Saudi Arabia did not demonstrate efforts to criminally punish trafficking crimes over the reporting period. The government does not prohibit all forms of trafficking in persons, but penalizes forced labor through Articles 229-242 of its Labor Law. Penalties prescribed under these forced labor statutes, however, are limited to fines or bans on future hiring, and are not sufficiently stringent. These laws also do not apply to domestic servants, the primary victims of forced labor in Saudi Arabia. Saudi Arabia does not have a law specifically prohibiting trafficking for commercial sexual exploitation. There have been some cases of assault against foreign workers resulting in physical injuries or death, reports of widespread worker abuse, and anecdotal evidence of trafficking for commercial sexual exploitation. The Saudi government, however, reported no criminal investigations, prosecutions, convictions, or sentences for trafficking offenses. The government does not enforce fines or bans on hiring workers imposed upon abusive employers or recruitment agencies, and police are criticized for being unresponsive to requests for help from foreign workers.
Saudi Arabia took inadequate measures to protect victims of trafficking and sometimes punished victims. The government claims it makes available to trafficking victims services including shelter, legal aid, and medical and psychological care. However, many victims are not always provided such assistance; they must seek shelter at their embassies, negotiate settlements with their employers, and independently obtain funds to return home.
Saudi Arabia does not systematically attempt to identify trafficking victims among vulnerable people, such as foreign women detained for running away from their employers or women arrested for prostitution; as a result, victims of trafficking are often punished or automatically deported without being offered protection. Women arrested for prostitution are not interviewed for evidence of trafficking and may be subjected to stringent corporal punishment for adultery under Saudi law. Although Saudi Arabia offers temporary relief from deportation to some victims who identify themselves to authorities, those who have run away from their employers, overstayed their visas, or otherwise violated the legal terms of their visas may be jailed or detained. Saudi officials do not encourage victims to assist in investigations against their traffickers, and often discourage this by persuading victims to take monetary compensation in lieu of filing criminal charges against their employer. Of particular concern are reports that, in some cases, victims are returned to their employers by police officers after making a trafficking complaint. Legal recourse is available to victims in theory, but the lack of translation assistance and lengthy and costly delays often discourage victims. The government does not offer legal alternatives to the removal of foreign trafficking victims to countries where they may face hardship or retribution.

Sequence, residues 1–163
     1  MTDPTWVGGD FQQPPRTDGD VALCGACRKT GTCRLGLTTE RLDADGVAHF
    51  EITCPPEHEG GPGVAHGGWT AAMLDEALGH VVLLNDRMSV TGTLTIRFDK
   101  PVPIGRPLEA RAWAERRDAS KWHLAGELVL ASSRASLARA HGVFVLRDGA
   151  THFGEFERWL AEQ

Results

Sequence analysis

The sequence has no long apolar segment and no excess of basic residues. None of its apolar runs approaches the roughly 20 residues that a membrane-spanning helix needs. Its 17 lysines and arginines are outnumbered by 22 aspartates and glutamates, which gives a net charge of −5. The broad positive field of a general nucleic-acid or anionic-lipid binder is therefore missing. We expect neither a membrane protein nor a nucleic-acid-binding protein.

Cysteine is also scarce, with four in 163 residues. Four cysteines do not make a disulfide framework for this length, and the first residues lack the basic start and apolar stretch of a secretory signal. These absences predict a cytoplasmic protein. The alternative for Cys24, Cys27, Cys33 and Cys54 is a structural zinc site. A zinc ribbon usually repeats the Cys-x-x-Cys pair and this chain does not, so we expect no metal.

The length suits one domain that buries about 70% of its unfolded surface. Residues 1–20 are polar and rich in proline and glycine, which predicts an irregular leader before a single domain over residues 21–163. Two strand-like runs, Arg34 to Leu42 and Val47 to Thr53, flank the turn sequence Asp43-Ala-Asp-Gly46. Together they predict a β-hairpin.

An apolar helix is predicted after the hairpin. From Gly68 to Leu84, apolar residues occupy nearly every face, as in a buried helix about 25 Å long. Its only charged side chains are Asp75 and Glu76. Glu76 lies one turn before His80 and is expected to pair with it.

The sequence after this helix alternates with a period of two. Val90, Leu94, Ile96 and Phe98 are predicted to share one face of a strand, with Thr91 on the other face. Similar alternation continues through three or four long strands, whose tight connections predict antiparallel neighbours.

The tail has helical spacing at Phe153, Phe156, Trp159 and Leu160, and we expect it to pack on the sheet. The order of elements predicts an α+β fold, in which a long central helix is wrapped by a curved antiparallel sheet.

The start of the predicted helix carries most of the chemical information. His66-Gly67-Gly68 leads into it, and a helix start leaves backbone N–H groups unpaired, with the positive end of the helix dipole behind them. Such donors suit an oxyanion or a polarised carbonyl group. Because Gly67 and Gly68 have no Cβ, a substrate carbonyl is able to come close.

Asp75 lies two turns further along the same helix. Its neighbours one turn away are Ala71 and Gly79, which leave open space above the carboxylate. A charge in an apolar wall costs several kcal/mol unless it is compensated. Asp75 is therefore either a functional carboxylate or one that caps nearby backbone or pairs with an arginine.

Saudi Arabia made minimal efforts to prevent trafficking in persons. The government provides trafficking awareness and technical training for officials with trafficking prevention responsibilities. In November 2007, media sources reported that Saudi Arabia signed agreements to offer financial assistance to Yemen – a key source country for child beggars – to establish educational, technical, vocational, health, and infrastructure projects to prevent child trafficking. The government, however, did not take any reported measures during the reporting period to reduce the demand for commercial sex acts. Similarly, Saudi Arabia failed to undertake any public awareness campaigns targeting citizens traveling to known child sex tourism destinations abroad.